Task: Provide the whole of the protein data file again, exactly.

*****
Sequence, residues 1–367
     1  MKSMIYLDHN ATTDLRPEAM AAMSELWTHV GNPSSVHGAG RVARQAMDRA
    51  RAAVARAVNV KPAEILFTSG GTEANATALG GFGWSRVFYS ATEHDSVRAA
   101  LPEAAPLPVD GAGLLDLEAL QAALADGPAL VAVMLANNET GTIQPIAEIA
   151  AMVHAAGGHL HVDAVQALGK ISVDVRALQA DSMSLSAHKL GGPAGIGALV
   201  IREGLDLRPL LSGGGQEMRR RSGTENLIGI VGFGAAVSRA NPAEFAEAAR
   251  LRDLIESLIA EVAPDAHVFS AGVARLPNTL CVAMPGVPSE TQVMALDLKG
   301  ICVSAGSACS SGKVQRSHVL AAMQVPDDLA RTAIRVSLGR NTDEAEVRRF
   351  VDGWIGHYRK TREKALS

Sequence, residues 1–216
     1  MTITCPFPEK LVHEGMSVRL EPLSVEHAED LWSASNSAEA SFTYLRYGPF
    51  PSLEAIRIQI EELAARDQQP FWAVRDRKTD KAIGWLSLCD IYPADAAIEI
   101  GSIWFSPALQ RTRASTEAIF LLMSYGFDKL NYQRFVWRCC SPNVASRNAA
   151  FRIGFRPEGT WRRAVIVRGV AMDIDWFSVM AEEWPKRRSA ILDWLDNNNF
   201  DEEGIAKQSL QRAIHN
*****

Sequence, residues 1–367
     1  MKSMIYLDHN ATTDLRPEAM AAMSELWTHV GNPSSVHGAG RVARQAMDRA
    51  RAAVARAVNV KPAEILFTSG GTEANATALG GFGWSRVFYS ATEHDSVRAA
   101  LPEAAPLPVD GAGLLDLEAL QAALADGPAL VAVMLANNET GTIQPIAEIA
   151  AMVHAAGGHL HVDAVQALGK ISVDVRALQA DSMSLSAHKL GGPAGIGALV
   201  IREGLDLRPL LSGGGQEMRR RSGTENLIGI VGFGAAVSRA NPAEFAEAAR
   251  LRDLIESLIA EVAPDAHVFS AGVARLPNTL CVAMPGVPSE TQVMALDLKG
   301  ICVSAGSACS SGKVQRSHVL AAMQVPDDLA RTAIRVSLGR NTDEAEVRRF
   351  VDGWIGHYRK TREKALS

Sequence, residues 1–216
     1  MTITCPFPEK LVHEGMSVRL EPLSVEHAED LWSASNSAEA SFTYLRYGPF
    51  PSLEAIRIQI EELAARDQQP FWAVRDRKTD KAIGWLSLCD IYPADAAIEI
   101  GSIWFSPALQ RTRASTEAIF LLMSYGFDKL NYQRFVWRCC SPNVASRNAA
   151  FRIGFRPEGT WRRAVIVRGV AMDIDWFSVM AEEWPKRRSA ILDWLDNNNF
   201  DEEGIAKQSL QRAIHN